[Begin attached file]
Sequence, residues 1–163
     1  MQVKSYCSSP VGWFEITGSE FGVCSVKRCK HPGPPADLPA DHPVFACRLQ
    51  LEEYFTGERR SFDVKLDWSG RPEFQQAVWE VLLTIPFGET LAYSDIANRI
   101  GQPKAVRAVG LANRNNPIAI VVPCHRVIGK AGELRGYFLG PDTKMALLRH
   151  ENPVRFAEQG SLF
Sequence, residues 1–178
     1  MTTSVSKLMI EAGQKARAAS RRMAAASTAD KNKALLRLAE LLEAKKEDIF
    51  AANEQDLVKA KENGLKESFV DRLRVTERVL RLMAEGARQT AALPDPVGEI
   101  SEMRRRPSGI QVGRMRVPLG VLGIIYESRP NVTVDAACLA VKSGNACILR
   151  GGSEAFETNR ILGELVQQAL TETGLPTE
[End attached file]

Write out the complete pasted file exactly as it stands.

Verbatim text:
Sequence, residues 1–163
     1  MQVKSYCSSP VGWFEITGSE FGVCSVKRCK HPGPPADLPA DHPVFACRLQ
    51  LEEYFTGERR SFDVKLDWSG RPEFQQAVWE VLLTIPFGET LAYSDIANRI
   101  GQPKAVRAVG LANRNNPIAI VVPCHRVIGK AGELRGYFLG PDTKMALLRH
   151  ENPVRFAEQG SLF
Sequence, residues 1–178
     1  MTTSVSKLMI EAGQKARAAS RRMAAASTAD KNKALLRLAE LLEAKKEDIF
    51  AANEQDLVKA KENGLKESFV DRLRVTERVL RLMAEGARQT AALPDPVGEI
   101  SEMRRRPSGI QVGRMRVPLG VLGIIYESRP NVTVDAACLA VKSGNACILR
   151  GGSEAFETNR ILGELVQQAL TETGLPTE